The demonetisation move, resulting in a disturbance to growth and asset sales, has upset the preparations for 2017’s Budget Planning. A very high proportion of the demonetised currencies came back into banking channels, far more than what was initially expected. Finance Minister Arun Jaitley is expected to present the annual budget for 2017/18 on February 1, 2017.


Revenue collection

N.R. Bhanumurthy, an economist at the government-funded think tank National Institute of Public Finance and Policy (NIPFP), said revenue collections could fall by up to 350 billion rupees ($5.18 billion) this year. Certain officials fear the move will slowdown the economic activities for much longer than expected, as millions of people continue to queue at banks and ATMs for cash and companies struggle to pay daily wages even though the situation has eased somewhat.


Demonetisation impact

The demonetisation drive has arguably hit a variety of sectors like auto, agriculture and construction. The federal government has partially deferred a hike in wages of its 10 million employees and pensioners to cut its spending bill.

The Reserve Bank of India has plunged the hope of an unexpected gains of nearly $15 billion based on expectations that up to 30% of the “black cash” may expire worthless, enabling it to pay a one-off dividend to the government.

Arvind Panagariya, Vice-Chairman, National Institution for Transforming India (NITI) Aayog, in an effort to maintain decorum around the country, mentioned that it is not too unusual for governments to change or update laws in response to the changing times. One fourth of the declared black money is slated to go to Pradhan Mantri Garib Kalyan Yojana, 50% to the treasury. This will result in increased social expenditure, according to Mr. Panagariya.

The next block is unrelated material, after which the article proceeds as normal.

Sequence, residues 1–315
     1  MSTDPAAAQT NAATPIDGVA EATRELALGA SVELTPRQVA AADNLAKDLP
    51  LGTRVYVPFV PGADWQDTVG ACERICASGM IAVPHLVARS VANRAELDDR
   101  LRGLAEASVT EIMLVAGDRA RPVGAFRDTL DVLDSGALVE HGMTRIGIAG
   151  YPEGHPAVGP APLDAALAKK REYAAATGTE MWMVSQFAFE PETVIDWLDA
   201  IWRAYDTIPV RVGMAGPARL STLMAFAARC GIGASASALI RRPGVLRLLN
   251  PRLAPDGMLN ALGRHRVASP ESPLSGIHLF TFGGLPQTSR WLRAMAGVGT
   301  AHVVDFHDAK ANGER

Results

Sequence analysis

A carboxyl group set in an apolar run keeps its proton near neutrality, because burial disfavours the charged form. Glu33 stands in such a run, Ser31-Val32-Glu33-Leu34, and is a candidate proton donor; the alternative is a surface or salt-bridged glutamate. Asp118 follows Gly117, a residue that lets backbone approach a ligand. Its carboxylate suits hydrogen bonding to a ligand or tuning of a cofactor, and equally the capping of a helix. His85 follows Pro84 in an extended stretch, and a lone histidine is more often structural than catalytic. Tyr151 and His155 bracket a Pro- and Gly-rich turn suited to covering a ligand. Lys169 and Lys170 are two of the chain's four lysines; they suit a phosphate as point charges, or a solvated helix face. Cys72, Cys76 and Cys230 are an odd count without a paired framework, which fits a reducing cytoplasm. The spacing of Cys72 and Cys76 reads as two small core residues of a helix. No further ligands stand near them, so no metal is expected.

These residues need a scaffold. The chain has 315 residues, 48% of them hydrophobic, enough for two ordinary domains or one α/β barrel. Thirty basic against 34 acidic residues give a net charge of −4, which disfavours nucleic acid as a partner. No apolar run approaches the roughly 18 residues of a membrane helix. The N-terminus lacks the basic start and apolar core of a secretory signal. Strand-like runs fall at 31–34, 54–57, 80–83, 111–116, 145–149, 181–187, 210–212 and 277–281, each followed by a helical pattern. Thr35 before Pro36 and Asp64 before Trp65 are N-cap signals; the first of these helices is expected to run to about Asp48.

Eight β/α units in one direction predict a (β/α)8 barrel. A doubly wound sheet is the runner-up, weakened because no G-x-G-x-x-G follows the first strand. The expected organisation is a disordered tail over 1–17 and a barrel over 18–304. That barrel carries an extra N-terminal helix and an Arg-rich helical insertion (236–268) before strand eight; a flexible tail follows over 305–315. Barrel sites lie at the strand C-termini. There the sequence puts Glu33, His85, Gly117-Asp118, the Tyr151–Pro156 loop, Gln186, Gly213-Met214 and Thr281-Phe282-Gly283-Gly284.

More about Budget


The central bank also emphasised that the decision to withdraw the legal tender status of the ₹500 and ₹1,000 notes with effect from November 9, 2016 had not been a sudden one. The move had been made after detailed contemplation. From November 1o to December 5, 2016, the RBI has supplied to the public banknotes of various denominations worth ₹3.81 lakh crore, which is more than the supply in the whole of last three years.

In the latest announcements made around the demonetisation drive, Prime Minister Narendra Modi  reiterated that ₹500 and ₹1000 notes would not be accepted at railway ticket counters, ticket counters of government-run buses, for making payments for railway catering services and for purchasing suburban and metro rail services from December 10, 2016.

The exemptions that remain till December 15, 2016 include payments at Government hospitals, pharmacies, consumer cooperative stores, government-run milk booths and at crematoria and burial grounds. Other exemptions include payments for LPG gas cylinders, tickets for any monument maintained by the Archaeological Survey of India, any fees, charges, taxes or penalties payable to the government, utility payments, payments for the purchase of seeds from government outlets, government school fees up to a limit of ₹2,000 a student, government college fees, and payments for prepaid mobile top-up up to ₹500 per top-up.

The Budget announcements will come right before the five states, with a population of around 250 million, go to polls. The Budget is slated to be early this time. Tax incentives in the Budget are being seen as a trade-off against the widespread disillusionment after the demonetisation. There could be sops, after the pain.

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